Let’s continue our journey into the internals of EVM bytecode. In the last post we’ve taken a look at a simple contract and how to reverse engineer it with radare2. Today we will take a look at the EVM ecosystem, how contracts are deployed, how transactions are executed.
A few notes on installing radare2 and its extras
There have been questions in the previous post about installing radare2 properly and its extensions, where the EVM plugins can be found. Well, now you can simply install these extra plugins by running
r2pm install evm
Anything else should be done the way official radare2 documentation describes.
Deploying a simple contract to test VM
Ethereum contracts may run in the different environments: in the mainnet, in testnets like Rinkeby, in private nets or in blockchain emulators like ganache-cli (former TestRPC). We will be using the latter .
Nodes and users of the ethereum blockchain talk to each other via RPC calls, ganache-cli is not an exception. As soon as we start it with -v flag, it creates some test accounts and starts listening on a local port:
Now, navigate your browser to http://remix.ethereum.org (note that http is important, if you connect with https your browser will refuse to load uprotected content from http://localhost) and let’s deploy our test contract from the previous post there. You have to select Run->Web3 Provider to connect to our RPC on http://localhost:8545. Create the contract and call the setA() function with some value. You will be able to see the details of the transaction including its hash in the remix’s console window:
Using radare2 to trace the transaction
Ethereum VM has no way to hook the transaction in the usual way a normal debugger does. What it allows you to do is to request a trace for a transaction that has already happened. The radare2 EVM io plugin uses several RPC methods to download transaction traces, download the code of the contract and such. The complete list of RPC methods one can find is here. Namely, the io plugin uses debug_traceTransaction, eth_getTransactionByHash and eth_getCode.
The syntax of the URL for radare2 to connect to a local node and ask for a transaction trace is as follows: evm://HOST:PORT@TXHASH.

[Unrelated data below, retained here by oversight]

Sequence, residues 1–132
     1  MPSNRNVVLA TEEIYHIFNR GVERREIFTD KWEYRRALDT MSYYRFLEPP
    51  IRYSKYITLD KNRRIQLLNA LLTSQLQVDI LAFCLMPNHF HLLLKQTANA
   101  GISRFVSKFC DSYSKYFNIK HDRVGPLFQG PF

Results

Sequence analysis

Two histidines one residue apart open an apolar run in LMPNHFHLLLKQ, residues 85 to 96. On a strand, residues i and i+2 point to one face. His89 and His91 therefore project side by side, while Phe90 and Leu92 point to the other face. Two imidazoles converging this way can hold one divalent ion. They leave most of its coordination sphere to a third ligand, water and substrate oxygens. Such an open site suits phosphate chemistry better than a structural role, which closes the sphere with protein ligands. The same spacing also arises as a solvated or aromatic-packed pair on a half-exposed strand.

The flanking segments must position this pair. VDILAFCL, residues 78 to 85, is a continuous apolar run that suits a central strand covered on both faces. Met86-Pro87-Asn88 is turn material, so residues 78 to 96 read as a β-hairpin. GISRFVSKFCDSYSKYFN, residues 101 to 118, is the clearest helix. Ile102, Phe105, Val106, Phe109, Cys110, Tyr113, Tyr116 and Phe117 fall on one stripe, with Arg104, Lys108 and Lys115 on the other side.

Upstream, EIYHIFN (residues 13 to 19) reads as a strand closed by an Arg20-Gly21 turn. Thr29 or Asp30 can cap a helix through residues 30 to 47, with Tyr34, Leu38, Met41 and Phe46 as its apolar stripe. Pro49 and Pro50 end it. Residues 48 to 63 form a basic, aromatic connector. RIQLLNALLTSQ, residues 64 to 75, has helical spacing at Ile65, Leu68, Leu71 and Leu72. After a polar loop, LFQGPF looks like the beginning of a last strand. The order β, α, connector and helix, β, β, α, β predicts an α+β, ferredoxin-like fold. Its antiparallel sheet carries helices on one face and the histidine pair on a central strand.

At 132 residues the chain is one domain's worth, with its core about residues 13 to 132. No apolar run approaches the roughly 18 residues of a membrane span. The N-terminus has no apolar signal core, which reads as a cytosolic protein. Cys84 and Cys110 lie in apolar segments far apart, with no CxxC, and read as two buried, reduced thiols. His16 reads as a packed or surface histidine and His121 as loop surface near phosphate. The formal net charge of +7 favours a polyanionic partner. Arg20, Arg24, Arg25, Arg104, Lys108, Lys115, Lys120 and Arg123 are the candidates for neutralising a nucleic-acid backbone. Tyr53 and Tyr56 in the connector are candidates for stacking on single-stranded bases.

For example, for our transaction we would do the following:
r2 -a evm -D evm "evm://localhost:8545@0x6424891e4810f3df62a67a7b08eb167569cceafd17b80876efba8789f"
Medium fails to properly embed asciinema player, so you will have to follow the link to see the example debugging session.
Here we open a transaction and analyse all the code by entering aa. Then, we enter the visual mode by pressing V and switch to the tiled view by pressing !. We close unnecessary tiles and open a custom one by pressing M. We will use this tile for memory, which due to implementation peculiarities of the debugger is mapped at the address 0x10000. Our tile will simply hexdump some bytes at that addr so we tell it to run the command px 512 @ 0x10000. And we single-step through the code by pressing the s key.
Here, you have your simple debugging session for EVM transaction with radare2.
Loading function tables from JSON files
There exist tables of mappings from function hashes to function names. radare2 EVM plugin can read such mappings in JSON format and apply them to your disassembly:
You can load them into the EVM analysis plugin with a!l filename :
You can list all the functions found in the disassembly:
Function names tables happen to be very handy when reversing big contracts, for example take a look at the CFG for a ERC20 token:
You may find the a big JSON signatures mapping file in our repo https://github.com/montekki/r2evm
One might set breakpoints and continue execution, let’s take a look at this example:
Here we again load our transaction, load the signatures table and decide to set a breakpoint to address 0x09 with command db 0x9. As soon as we do it this address becomes marked with a b letter in the disassembly. Now we just have to press dc to continue execution after which the pc register moves to the address of our breakpoint and the execution is paused. This obviously works in all visual modes, for more details please read the official radare2 documentation.
We have developed opensource plugins for radare2 to reverse and debug EVM contracts. So what’s next? There are many ideas for the future development of these tools for example integrating them with tools like mythril or adding support for EVM bytecode to the awesome opensource RetDec decompiler by avast. In any case we will likely see the further development of all kinds of security tools for Ethereum blockchain. Thank you for reading and happy holidays!
This is a Security Bloggers Network syndicated blog post authored by Fedor Sakharov. Read the original post at: ICO Security - Medium